Patriots Draft Spotlight: Shaq Thompson

The Patriots re-signed strong safety Patrick Chung during the 2014 season and it appears they're set at that position, but Bill Belichick is enamored with the Shaq Thompson, the S/OLB out of the University of Washington. Thompson can play the weak side linebacker or strong safety, and his instincts are excellent. Even with Chung on the roster, Thompson would be an excellent fit for the Patriots.

New England has good depth at the safety position, but after an injury to strong side linebacker Dont'a Hightower, the Patriots have some depth issues at linebacker. Safety Patrick Chung was good last year, but he also didn't have as much responsibility against the pass, and that could be a problem in 2015. The Patriots can kill these two birds with one stone if they draft Shaq Thompson, the S/OLB out of the University of Washington. Thompson is not only one of the best athletes in the draft, he has an upside that may make him a future Pro Bowler. After coming off a Super Bowl win and picking 32, this is the time for the Patriots to gamble on an athlete like Thompson.

Thompson starred at Grant High School, playing the safety, outside linebacker, and running back position. He excelled at all three positions and proved to be not only one of the best athletes in California, he was one of the best in the country overall. Thompson started playing regularly as a sophomore. He played in 13 games, accumulating 74 solo tackles, nine tackles for loss, three interceptions, five passes defended, one forced fumble, ten total touchdowns (eight offensive, two defensive), 364 yards rushing (12.6 ypc), 101 receiving yards, 284 kick return yards, and 28 punt return yards. For a sophomore, he was leaned on to do just about everything and he was able to step up for his team.

Thompson continued to improve, but he was being used more offensively than defensively, which is normal in high school. He totaled 54 solo tackles, two tackles for loss, one interception, one forced fumble, one defensive touchdown returned, 1,882 yards rushing (11.5 ypc), 25 touchdown runs, three touchdown catches, 18 receptions, and 345 yards receiving. Sometimes it comes down to need in high school sports, and Thompson was needed more on offense than on defense.

As a senior, Thompson played only 11 games, two less than 2009 and three less than 2010. His numbers did take a hit, but he was still excellent. Thompson also played quarterback his senior year, adding to all the other duties he had. Thompson finished his senior year with 57 solo tackles, two tackles for loss, one interception, five passes defended, 893 yards passing, eight touchdown passes, 1,134 yards rushing, 15 rushing touchdowns, and to cap it off, he punted 15 times for 566 yards, an average of 37.7 yards per punt. In his career, Thompson punted 30 times for 1,121 yards, an average of 37.4 yards. It's very simple- the kid did everything and excelled in the process.

Thomas, as with most of the first round prospects, collected his fair share of accolades. He was also drafted by the Boston Red Sox in the 18th round of the 2012 MLB Draft, but after 39 at-bats in the Gulf Coast League, Thomas had 37 strikeouts and zero hits, making it very clear that his future would come in professional football, not baseball. Thomas, who was ranked as the top safety in the country and number three prospect overall, made his move and committed to Washington football.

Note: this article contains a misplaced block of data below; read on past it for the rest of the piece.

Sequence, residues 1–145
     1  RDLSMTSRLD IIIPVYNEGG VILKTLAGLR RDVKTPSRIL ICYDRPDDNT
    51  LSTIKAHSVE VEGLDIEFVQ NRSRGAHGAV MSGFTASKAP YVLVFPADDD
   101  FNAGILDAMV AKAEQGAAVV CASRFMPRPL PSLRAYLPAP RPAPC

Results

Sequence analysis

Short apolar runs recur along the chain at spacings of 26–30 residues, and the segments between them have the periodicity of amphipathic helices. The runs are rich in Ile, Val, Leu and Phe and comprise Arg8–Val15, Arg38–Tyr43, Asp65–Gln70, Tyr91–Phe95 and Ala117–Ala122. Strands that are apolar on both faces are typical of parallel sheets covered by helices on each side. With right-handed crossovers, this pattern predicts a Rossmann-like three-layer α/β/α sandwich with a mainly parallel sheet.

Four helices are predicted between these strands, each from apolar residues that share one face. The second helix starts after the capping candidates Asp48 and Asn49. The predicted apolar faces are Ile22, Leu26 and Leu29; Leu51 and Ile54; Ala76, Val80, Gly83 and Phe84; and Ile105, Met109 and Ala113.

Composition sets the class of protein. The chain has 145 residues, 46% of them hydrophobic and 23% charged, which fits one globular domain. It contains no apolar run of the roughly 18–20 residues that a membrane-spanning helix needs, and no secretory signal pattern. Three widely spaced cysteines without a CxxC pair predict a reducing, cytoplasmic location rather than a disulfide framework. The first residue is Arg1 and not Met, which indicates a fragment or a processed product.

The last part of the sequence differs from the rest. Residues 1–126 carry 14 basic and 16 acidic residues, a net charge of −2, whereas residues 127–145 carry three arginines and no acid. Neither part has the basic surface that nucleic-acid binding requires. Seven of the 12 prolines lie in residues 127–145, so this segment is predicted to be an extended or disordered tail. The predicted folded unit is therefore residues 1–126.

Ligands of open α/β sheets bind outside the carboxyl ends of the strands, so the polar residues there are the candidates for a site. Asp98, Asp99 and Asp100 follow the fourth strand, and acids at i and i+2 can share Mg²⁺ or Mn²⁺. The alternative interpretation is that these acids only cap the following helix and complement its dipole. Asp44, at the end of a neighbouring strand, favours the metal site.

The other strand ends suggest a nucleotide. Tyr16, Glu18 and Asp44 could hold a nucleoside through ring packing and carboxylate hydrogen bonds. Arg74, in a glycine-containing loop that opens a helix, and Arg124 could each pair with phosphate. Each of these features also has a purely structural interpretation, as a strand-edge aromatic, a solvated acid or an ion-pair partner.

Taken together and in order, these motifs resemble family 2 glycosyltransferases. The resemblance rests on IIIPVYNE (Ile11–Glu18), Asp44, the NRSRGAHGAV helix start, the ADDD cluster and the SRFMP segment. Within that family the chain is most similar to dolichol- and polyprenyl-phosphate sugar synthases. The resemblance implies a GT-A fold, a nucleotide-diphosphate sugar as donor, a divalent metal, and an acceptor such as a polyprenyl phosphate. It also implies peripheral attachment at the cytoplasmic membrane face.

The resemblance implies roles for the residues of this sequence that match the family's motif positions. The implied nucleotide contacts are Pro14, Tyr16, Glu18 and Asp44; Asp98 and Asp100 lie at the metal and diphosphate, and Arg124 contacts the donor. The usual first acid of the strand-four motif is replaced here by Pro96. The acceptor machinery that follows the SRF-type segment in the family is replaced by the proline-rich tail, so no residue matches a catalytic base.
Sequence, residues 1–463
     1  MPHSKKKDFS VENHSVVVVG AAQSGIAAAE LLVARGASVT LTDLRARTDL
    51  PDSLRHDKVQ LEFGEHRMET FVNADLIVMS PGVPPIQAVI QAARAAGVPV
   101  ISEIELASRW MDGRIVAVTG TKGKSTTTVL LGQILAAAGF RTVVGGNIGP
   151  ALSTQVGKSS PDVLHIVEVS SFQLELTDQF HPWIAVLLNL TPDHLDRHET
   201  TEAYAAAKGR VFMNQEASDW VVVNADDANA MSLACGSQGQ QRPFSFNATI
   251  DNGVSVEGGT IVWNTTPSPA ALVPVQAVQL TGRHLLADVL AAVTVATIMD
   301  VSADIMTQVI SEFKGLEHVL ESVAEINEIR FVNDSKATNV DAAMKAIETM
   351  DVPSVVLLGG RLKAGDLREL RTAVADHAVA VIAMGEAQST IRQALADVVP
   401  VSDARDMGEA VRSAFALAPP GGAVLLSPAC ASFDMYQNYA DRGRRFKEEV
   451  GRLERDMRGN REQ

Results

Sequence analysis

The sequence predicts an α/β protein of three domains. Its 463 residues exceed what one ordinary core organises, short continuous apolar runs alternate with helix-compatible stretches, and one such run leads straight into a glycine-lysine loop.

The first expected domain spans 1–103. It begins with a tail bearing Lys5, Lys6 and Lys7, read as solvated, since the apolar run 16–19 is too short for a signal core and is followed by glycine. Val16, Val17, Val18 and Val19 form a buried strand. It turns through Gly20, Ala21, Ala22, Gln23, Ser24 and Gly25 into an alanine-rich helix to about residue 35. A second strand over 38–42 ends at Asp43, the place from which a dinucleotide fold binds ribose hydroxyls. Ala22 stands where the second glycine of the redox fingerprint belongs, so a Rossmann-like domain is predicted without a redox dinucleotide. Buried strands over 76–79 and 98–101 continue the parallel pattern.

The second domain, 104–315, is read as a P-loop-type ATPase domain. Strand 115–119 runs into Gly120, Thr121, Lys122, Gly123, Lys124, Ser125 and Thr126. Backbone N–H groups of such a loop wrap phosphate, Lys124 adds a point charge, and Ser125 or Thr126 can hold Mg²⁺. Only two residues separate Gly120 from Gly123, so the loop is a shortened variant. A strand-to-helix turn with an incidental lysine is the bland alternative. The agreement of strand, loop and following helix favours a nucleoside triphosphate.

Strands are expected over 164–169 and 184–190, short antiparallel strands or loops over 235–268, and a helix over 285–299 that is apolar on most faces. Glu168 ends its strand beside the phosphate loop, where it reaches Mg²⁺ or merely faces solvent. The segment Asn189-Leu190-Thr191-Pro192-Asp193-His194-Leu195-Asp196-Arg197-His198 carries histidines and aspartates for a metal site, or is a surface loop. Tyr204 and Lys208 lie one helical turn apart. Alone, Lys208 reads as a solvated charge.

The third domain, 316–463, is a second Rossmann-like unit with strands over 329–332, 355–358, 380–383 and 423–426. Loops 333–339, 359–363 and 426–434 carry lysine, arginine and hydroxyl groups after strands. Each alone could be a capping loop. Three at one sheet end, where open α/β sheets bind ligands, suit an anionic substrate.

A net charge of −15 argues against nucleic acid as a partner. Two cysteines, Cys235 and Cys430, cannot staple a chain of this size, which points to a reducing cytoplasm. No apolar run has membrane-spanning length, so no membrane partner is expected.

Thompson's strong play continued when he started playing for the Huskies. His freshman year he started all 13 games as a nickel back, totaling 44 solo tackles, 30 assisted tackles, 8.5 tackles for loss, one fumble recovery, three interceptions, two sacks, three passes broken up , one quarterback hurry and one blocked punt. His sophomore year was even better; 50 solo tackles, 28 assisted tackles, four tackles for loss, 0.5 sacks, one interception (returned 80 yards for a touchdown), and four passes broken up. The only game he didn't start was the Washington State game because he was moved to outside linebacker and Washington started the game in nickel.

Thompson's junior year, his final year at Washington, resembled one of his high school seasons because he played on both sides of the ball. He finished with 51 solo tackles, 29 assisted tackles, 2.5 tackles for loss, one sack, four passes broken up, two forced fumbles, three fumble recoveries (all returned for touchdowns), one interception (returned for a touchdown), 456 yards rushing (7.5 ypc), two touchdown runs, and he capped it off with four catches for 56 yards. Thompson showed that his ability at running back wasn't just because he was the best athlete in high school, it's because he can truly run the ball. Fittingly, Thompson won the Paul Hornung Award, an award that is given to the nations most versatile player.

Thompson is getting mixed reviews from NFL scouts and front offices, mainly because they don't know if he's big enough to play outside linebacker or fast enough to be able to play safety. His 40 time was 4.64, but when you watch him on film he plays significantly faster than everyone else, which means he has another gear that we typically don't see until the adrenaline is flowing, not at the combine. Thompson isn't going to be a fit for every team, but New England is one of the teams that will know how to use his special abilities. With his added running talent, he also gives coaches the option to use him as a third back. Essentially he could be one person that can cover three positions in the NFL, a huge advantage when you're trying to decide who'll be active on Sunday. Expect to see Thompson come off the board between the 25th and 50th picks, and don't be surprised to hear these words- "with the 32nd pick in the 2015 NFL Draft, The New England Patriots select OLB/S/RB Shaq Thompson." It is a natural fit for a coach who LOVES flexible players.


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